Deed in Lieu of Foreclosure Consequences

by Chelsea Lothrop

A deed in lieu is one alternative for homeowners looking to avoid foreclosure. In a deed in lieu, a borrower surrenders the deed to his property and is forgiven the entire mortgage amount. While a deed in lieu relieves homeowners of their mortgage debt, it also comes with its own problems and complications.


The first step in attaining a deed in lieu is to get approval from your lender. If you have second or third mortgages, home equity loans, or tax liens against your property, you will most likely be ineligible for a deed in lieu. Even if you are eligible, your lender may be reluctant to accept your request. Many lenders are hesitant to take on more foreclosed properties as opposed to cash, especially if they already own many.


Many homeowners believe that a deed in lieu of foreclosure will have less of an effect on their credit score than an actual foreclosure. In fact, short sales, deeds in lieu and foreclosures all have approximately the same impact on credit scores. Like a foreclosure, a deed in lieu will remain on your credit report for seven years, but you may be eligible for a new mortgage after a deed in lieu sooner than you would be after a foreclosure. You can acquire a mortgage within two to three years following a deed in lieu, as long as you take the proper steps to improve your credit .


If you opt for a deed in lieu, you may be required to pay two different types of taxes. The first is a deed tax, which applies when any property is transferred between owners. Deed taxes vary depending on the state. The second is income tax on your forgiven mortgage debt. When a lender forgives debt, the forgiven debt is considered income for tax purposes and is taxed accordingly. Following the Mortgage Forgiveness Debt Relief Act of 2007, homeowners with forgiven debt may be able to exclude as much as $2 million of their debt from income tax. The act, originally intended to end in 2010, was extended through 2013.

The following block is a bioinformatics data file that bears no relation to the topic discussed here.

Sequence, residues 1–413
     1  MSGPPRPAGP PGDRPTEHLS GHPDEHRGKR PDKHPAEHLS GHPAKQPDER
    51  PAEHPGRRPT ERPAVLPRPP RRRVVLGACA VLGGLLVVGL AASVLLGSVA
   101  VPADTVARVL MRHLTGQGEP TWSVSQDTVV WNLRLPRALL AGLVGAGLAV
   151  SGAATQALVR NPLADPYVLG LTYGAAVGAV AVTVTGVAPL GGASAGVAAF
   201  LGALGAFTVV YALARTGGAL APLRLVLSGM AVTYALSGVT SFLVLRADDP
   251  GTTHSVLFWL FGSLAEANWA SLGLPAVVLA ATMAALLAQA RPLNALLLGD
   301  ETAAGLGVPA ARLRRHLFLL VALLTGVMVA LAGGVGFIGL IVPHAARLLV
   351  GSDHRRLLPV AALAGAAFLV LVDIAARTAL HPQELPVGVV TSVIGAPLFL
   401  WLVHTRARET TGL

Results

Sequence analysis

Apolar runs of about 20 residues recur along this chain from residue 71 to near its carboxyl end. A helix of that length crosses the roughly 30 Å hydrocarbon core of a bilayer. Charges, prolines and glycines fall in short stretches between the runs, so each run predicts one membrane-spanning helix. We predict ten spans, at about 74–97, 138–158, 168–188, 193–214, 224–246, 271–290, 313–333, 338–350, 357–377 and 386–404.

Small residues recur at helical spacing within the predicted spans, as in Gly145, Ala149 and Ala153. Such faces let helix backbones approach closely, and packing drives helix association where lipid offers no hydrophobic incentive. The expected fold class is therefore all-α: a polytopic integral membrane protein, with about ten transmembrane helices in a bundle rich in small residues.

Deficiency Lawsuits

When a lender agrees to a deed in lieu, it is agreeing to forgive the mortgage still owed on the property, but the lender does not necessarily release its right to legally pursue the homeowner for the remaining amount. A lender may go after a borrower to obtain the "deficiency," or whatever is still owed on the mortgage when the homeowner surrenders the property. In many states, homeowners are protected by anti-deficiency laws following a foreclosure, but some states do not have anti-deficiency laws following a short sale or deed in lieu. To protect yourself from a deficiency lawsuit, it is vital to understand your state's anti-deficiency laws before requesting a deed in lieu.

About the Author

Based in Connecticut, Chelsea Lothrop has been writing for publication since 2009. Her primary focuses are real estate, personal health, and literature. Lothrop is a former contributor to the Speedy Tenants Rental Agency blog. She is currently completing her bachelor's degree in literature through Arizona State University.

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